My Writing Space
The Last Refuge
Burial at Sea
Rondes d’Hiver: A Winter Dance
Bras de Venus, November 2007
After the cold spell the water is back on.
The wind drops and the sun regains its glory.
The town carnivals the coming of winter
by emptying its attics on to the streets.
It’s inaugurated by a vintage rally,
that includes some cars of my youth: Baby Fords,
Morris Minors and an Austin Somerset.
I, too, am a veteran, and still going,
though not as cher in essence. The bouquin stall
is stacked with everything I ought to read,
costing almost nothing. I notice browsers
in this impec display - from Anatole France
to Emile Zola - put back books upside-down,
and catch an old woman in flagrant délit.
‘Pas digne’, I tut-tut, and she understands,
dropping an Elsa Triolet and scarpering.
I plump for Jules Supervielle’s Kidnapper,
Pierre-Auguste Renoir, Mon Père, by son Jean.
Stendahl’s De l’Amour, Tortilla Flat
because it’s the next mayor’s favourite Steinbeck.
And a Patrick Modiano I’m ashamed to admit.
Dirty linen and broken bibelots. Neighbours
purchase one another’s secret revelations
for the common good. I have nothing to sell
save my poems and they’re in the wrong language.
The port tannoy is a siren for French rap,
and occasional announcements. ‘The sardinade
is cancelled as it was too rough to go out.’
Is that God that’s speaking, or Thierry Ferran?
‘There’s a boudinade instead. Vegetarian
sausages available too. Roll up.
Merci beaucoup pour votre comprehension.’
When I grow young again I’ll despise events
such as this, except for the shooting gallery
in the funfair. Though the bullets are dummies.
A feature this year is a glut of Sartre’s Huis Clos.
Almost every stall has a handful. ‘No way out.’
‘Hell is other people.’ Who’s talking? Not me.
Even the mayor’s wife is a simple human being
today, hawking her throw outs. Who will find
the hell in me? Not the Bad Woman who steals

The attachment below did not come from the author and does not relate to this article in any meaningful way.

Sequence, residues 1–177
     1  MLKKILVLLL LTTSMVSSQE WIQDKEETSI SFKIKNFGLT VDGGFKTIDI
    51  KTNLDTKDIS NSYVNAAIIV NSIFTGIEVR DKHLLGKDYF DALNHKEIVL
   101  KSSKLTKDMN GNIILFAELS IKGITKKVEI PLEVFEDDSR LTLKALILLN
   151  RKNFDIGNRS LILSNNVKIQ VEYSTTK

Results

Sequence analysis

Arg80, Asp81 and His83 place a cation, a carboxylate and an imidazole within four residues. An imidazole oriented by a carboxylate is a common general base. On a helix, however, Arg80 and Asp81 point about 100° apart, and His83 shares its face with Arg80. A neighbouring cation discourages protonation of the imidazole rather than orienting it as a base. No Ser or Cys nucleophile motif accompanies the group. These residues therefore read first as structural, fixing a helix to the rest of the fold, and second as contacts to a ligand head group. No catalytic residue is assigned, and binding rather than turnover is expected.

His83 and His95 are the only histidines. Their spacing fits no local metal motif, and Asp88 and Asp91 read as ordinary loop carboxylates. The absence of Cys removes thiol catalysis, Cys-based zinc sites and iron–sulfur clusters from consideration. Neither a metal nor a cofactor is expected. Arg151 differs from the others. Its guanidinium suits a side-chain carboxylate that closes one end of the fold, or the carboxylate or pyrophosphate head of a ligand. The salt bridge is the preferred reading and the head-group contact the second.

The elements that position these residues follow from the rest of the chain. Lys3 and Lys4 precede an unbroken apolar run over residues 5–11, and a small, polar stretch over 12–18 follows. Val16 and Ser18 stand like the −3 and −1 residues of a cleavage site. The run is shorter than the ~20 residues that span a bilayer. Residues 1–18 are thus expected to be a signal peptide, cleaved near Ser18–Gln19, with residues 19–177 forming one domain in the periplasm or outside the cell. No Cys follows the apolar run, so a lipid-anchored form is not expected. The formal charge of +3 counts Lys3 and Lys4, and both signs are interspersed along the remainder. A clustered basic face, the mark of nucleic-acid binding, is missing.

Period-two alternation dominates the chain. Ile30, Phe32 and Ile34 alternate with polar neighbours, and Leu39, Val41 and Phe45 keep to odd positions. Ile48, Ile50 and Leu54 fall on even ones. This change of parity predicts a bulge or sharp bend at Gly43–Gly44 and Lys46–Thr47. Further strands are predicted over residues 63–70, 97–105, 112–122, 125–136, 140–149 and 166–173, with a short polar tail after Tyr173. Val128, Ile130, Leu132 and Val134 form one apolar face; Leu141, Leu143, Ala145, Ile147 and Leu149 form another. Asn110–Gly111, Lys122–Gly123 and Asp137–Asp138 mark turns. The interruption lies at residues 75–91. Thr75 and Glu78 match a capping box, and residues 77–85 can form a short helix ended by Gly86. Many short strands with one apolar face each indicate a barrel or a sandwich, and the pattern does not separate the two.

husbands. The stall that she puts out is herself.
It is still possible to remember that once
I played the Spring Sonata one winter’s day
in Mr McNamara’s room in the Im-
perial Hotel, Cork. He stopped me after
the first movement, the allegro, saying
‘it couldn’t get any better'. I so wanted
to make the scherzo, and rondo to the end.
To Madame Grace’s Niece and Friend
There’s much kindness in a small town, an us-
ness. The ‘we and them’ of cities is less obvious.
But, when the wind is up, down goes the head
and the good samaritan may well cut you dead.
It’s natural. Human warmth loses its glow,
chilled by the mistral, scorched by the sirocco.
The tramontane is big hearted, of course.
It warms the cockles even when the snows
are on the foothills. I shelter from a gust
at midnight. A car stops. ‘You’ve missed the last bus.’
The wound-down window speaks to me. ‘Copin,
no need to fear strange women. Hop in.’
In Memory of M. David (1925 - 2007)
What does an elderly flâneur do
when he finds he can’t walk any more?
He gets himself a gentleman’s bike.
I met him on the Rue de Solaire,
trying to remount after falling off
when raising his hat to a lady
he could strangle with bicycle clips.
A woman who didn’t acknowledge him.
He stilted with his cane on saddle,
and I gave him a push, and wondered,
as he descended down past the church,
how was he ever going to stop.
The Truth in Silence
Dray does not say much. But why should he?
He’s a doer to perfection, lays tiles
in my séjour most eloquently.
Talkers here have more telling smiles
than tongues. Silence is a rare virtue.
He works in, and on it, and for me.
It could be said he doesn’t speak freely.
But when I walk on his drying glue,
this mildest of men downs tools, goes wild.
What’s being said is no mystery to me.
His clever cousins say he’s a dingue.
I prefer simple. A life that is chaque clou
chasse l’autre. One nail tracks the next. Riled
by my stepping on his work, Dray’s rage grew
out of all proportion. It couldn’t be me
merely that makes him curse the sky. A cue
to share a little word on his grandchild,
who has mal? No. A sympa silence will do.
The Uncertain Way to Lunch
The poule de luxe slinking along the Rue de Solaire, arm and arm with a man that limps. She must be the doxy Welsh tells me is being kept here to find peace (what with the sea and the mountains, and the humble people and one good restaurant), and he must be her long-suffering friend who lives in Nancy.
If they seem unsteady on their feet, it’s not that the sun is off-centre, or the weight of her feathers on those high heels. The rose de vents whirls on the lighthouse tower. All thirty-three local winds are blowing at the same time. But, be of good heart, when the tourbillon drops her poise is bound to be recovered and the man with the limp will be walking on air.